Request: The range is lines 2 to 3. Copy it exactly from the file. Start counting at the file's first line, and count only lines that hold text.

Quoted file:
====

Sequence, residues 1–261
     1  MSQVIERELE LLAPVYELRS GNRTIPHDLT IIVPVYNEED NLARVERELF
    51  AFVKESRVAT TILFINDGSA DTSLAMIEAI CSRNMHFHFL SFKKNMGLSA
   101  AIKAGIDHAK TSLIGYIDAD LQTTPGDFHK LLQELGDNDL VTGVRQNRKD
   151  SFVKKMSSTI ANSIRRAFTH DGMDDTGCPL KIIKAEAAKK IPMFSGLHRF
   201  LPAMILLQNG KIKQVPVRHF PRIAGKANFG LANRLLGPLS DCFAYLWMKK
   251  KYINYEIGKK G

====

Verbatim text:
     1  MSQVIERELE LLAPVYELRS GNRTIPHDLT IIVPVYNEED NLARVERELF
    51  AFVKESRVAT TILFINDGSA DTSLAMIEAI CSRNMHFHFL SFKKNMGLSA